mittees. She is affiliated with Kappa
Alpha Theta.
Miss Homer was chairman of en-1
tertainment for Freshman Project
last year and took part in SophomoreC
Cabaret this year. She is a memberI
of the League social committee and
tried out for the Michiganensian.I
She is a member of Pi Beta Phi.
Miss Royal has been a member of
the WAA board for two years, herI
sophomore year as basketball man-1
ager and this year as assistant in-
tramural manager. She has also
(Continued on Page 5)
Peace Strike
Meeting Called
Open Assembly To Be Held
Tomorrow In Union
More than 50 campus organizations
have been invited to participate in a
meeting of the all-campus peace
committee to be held at 8 p.m. to-
morrow in the Union to make plans
for the annual peace strike April 20.'
At the meeting, which will be open
to all interested persons, a perma-
nent chairman of the committee willr
be elected, a program adopted and1
the question of speakers discussed. A
program has been drawn up tQ serve
as a basis of discussion for Mohday's
meeting in a meeting of the continu-
ations committee, headed by Elman
Service. +
The program of the committee con-
demns fascist aggression as the main
threat to world order today and calls
upon the students of the University
to support a positive peace policy.
Praising the United States' 25 per
cent tariff on German-made goods
as a step in the direction of imposing
economic measures against aggres-
sors, it also calls for an excavation of

this policy.
Hedy And Garg Both
To Be Here Tuesday

World's Record Breaker And Rurner Up

Swimmers Swamp Ohio
As Haynie And Barker
Score Double Victories
Hough Blasts World
Breast StrokeMark
Michigan churned up a tidal wave
in the Intramural Pool last night and
rode the crest to its sixth straight
National Colleglate title.
In a traditional exhibition of power
and balance, the Wolverine flotilla
won places in all but one event, the
1500 meter swim, to amass 65 points,
seven more than Ohio State, the
second place winners.
After the Buckeyes trailed Prince-
ton with 22, chiefly through the bril-
liance of two stellar performers, Capt.
Richard R. Hough and Albert V'ande
Weghe. Hough thrilled a icapacity.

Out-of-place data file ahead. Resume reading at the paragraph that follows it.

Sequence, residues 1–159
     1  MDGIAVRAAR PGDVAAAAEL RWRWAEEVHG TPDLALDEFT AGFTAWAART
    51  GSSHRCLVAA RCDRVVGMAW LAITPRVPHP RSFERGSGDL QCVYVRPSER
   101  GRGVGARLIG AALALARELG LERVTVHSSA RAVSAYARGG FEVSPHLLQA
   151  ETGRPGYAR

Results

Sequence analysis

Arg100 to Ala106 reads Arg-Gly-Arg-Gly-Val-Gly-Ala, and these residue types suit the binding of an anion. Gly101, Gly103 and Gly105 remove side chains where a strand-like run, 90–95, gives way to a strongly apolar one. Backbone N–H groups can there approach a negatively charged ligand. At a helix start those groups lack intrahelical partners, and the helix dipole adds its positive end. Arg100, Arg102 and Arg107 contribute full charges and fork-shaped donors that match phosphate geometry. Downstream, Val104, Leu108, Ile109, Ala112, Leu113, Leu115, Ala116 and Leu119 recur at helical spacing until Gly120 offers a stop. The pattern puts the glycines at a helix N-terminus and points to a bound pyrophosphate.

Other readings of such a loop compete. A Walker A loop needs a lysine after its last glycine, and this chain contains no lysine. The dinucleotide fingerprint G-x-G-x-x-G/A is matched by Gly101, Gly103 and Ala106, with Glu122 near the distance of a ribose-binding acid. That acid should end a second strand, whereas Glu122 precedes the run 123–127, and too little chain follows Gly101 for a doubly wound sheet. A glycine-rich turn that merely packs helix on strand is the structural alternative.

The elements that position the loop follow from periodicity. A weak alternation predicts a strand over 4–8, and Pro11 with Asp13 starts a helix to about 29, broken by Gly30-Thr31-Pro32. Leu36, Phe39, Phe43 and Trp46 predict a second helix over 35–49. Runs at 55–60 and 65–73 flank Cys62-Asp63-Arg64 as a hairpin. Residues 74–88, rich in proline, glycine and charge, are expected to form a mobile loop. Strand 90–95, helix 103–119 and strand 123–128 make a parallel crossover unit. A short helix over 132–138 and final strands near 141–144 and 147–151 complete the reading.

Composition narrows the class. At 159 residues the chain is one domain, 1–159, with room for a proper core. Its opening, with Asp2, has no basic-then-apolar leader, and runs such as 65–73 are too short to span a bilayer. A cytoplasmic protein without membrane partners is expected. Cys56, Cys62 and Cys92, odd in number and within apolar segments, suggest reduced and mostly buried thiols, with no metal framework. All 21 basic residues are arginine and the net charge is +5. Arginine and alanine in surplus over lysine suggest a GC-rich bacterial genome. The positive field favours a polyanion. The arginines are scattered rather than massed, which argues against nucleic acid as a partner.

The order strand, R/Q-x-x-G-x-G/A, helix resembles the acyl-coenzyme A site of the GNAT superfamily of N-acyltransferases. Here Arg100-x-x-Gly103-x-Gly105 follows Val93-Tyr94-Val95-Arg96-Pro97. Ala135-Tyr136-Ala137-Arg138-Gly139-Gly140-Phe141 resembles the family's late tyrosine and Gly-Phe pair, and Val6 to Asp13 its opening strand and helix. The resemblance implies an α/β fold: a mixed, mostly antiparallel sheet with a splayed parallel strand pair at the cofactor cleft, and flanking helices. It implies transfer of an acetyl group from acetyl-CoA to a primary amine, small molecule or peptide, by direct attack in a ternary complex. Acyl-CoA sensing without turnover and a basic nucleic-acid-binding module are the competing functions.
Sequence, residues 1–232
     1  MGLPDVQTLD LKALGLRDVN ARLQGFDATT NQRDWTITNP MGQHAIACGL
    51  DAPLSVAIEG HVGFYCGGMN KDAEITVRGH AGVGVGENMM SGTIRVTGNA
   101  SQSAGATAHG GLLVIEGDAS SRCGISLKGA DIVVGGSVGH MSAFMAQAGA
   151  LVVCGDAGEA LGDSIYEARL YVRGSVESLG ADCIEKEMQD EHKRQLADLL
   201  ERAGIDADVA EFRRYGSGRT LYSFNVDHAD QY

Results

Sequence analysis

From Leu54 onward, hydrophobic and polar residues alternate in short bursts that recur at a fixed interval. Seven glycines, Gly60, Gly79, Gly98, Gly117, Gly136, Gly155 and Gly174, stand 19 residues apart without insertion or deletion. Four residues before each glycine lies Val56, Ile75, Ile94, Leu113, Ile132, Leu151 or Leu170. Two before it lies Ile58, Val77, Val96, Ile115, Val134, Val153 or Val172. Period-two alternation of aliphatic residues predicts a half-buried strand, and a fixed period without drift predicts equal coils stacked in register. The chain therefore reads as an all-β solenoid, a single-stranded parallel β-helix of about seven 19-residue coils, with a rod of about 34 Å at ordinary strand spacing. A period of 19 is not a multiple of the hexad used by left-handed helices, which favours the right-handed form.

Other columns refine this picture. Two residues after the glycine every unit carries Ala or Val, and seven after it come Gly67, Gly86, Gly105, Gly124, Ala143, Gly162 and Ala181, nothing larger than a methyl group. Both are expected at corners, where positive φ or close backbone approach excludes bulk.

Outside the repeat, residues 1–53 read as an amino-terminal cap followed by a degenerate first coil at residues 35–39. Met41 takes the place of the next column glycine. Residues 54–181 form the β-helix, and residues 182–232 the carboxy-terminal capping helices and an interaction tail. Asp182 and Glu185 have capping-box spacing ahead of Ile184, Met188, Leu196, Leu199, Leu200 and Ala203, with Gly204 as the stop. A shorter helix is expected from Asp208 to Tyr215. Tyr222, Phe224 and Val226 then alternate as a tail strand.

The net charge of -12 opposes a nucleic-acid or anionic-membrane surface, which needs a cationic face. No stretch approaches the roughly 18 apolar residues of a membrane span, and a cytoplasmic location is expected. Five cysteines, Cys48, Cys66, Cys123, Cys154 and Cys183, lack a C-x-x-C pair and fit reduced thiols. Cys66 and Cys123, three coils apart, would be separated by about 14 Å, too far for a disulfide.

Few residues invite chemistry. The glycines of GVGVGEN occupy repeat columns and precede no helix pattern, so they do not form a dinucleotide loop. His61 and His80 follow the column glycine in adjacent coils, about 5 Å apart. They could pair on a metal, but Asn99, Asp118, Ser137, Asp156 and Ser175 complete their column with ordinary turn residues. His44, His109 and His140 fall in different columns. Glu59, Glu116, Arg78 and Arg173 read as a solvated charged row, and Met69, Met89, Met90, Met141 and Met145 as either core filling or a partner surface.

crowd last night when he smashed
Jack Kasley's world record in the 200
yard breast-stroke with a superb 2:22.
flat performance. Kasley's old mark,
set in 1936, was 2:22.5.
Field 'Far Behind
The rest of the field wound up the.
two day classic as follows: Texas,
Yale, and Harvard 8; Southern Cali-
fornia 7; Northwestern 4; Columbia;
Iowa and Iowa State 3; and Forida,
Franklin and Marshall, Illinois and
Kenyon, 2.
Crushing free-style power gave
Michigan the title they had been fav-.
ored to retain. Coach Matt Mann's
armada scored 40 points in the 440,
tahe 50 the 220, and the 400 yard
relay and seven more in the 100 yard
free style.
After six events Friday, Michigan
had held a 34 to 30 lead over Coach
Mike Peppe's determined natators,
but there was no stopping the Wolver-
ines last night as they stayed strictly
to the form book, and in some cases
even surpassed the pre-meet dope

-Daily Photo, by Gurriston
Dick Hough of Princeton (right) and Johnny Higgins of Ohio State
just before the former set a new world record of 2:2, for the 204-yard
breast stroke at the Intramural Pool last night. He was. pushed hard by

Higgins, the Big Ten champion.


Local Churches Student Senate
Offer Varie d Race Attracts
Services Today 37 Candidates
Methodist Church Offers Platforms Of Entrants
Pre-Easter Services; In Race To Be Printed
Missionaries To Talk In Wednesday's Daily
Special pre-Easter services to- Campaigning for votes in the Stu-
gether with musical progr'ams and dent Senate election Friday came out
talks by faculty members will be in full force yesterday, as the official
offered today by Ann Arbor's ballot and political designations were
churches in addition to the usual announced for the first time.
morning programs. Platforms of the 37 prospective
The Rev. Harold P. Marley, cele- Senators will be printed in Wednes-
brating his tenth year in the Unitari- day's Daily, and all candidates were
an church, will read a sermon on deyisdday ard ados'39
"Liberalism, Today and Yesterday" reminded by Edward Magdol, '39,
in which he will attempt to analyze director of elections, that copy for
the "Reflection of the University the Senate Battle Page must be sub-
Mind" drawn up 10 years ago by a mitted ay 5 p.m. tomorrow at Lane
group of professors. This sermon
marks Rev. Marley's last appearance Hall or at the Student Publications
here until next fall. Prof. Leonard Buldin--
Gregory of the music school offers an Informed campus circles awaited
illustrated lecture on "Music Appre- announcement of platforms which
ciation" at 7:30 p.m. today in Unity they said would revolve about academ-
Hall at the Liberal Students' meet- ic freedom, the isolation-collective
ing. security controversy and campus in-
Pre-Easter services will be inaugu- ternal improvements.
rated by the Rev. Charles W. Bra- Polling places at the Union, League,
shares at 11 a.m. with a sermon en- General Library, University Hall and.
titled The Way of the Cross" in the the lobby of . the engineering arch
First Methodist Church. At 6 p.m. will be open from 9 a.m. to 5:30 p.m.
the Reverend Brashares will con- Friday for this third semi-annual
duct communion, services during the all-campus election. Last fall more
Wesleyan Guild meeting. than 2,000 students voted. Identifica-
The Rev. Leonard D. Parr will of- tion cards will be necessary to cast
fer the fifth in a series of sermons on ballots.)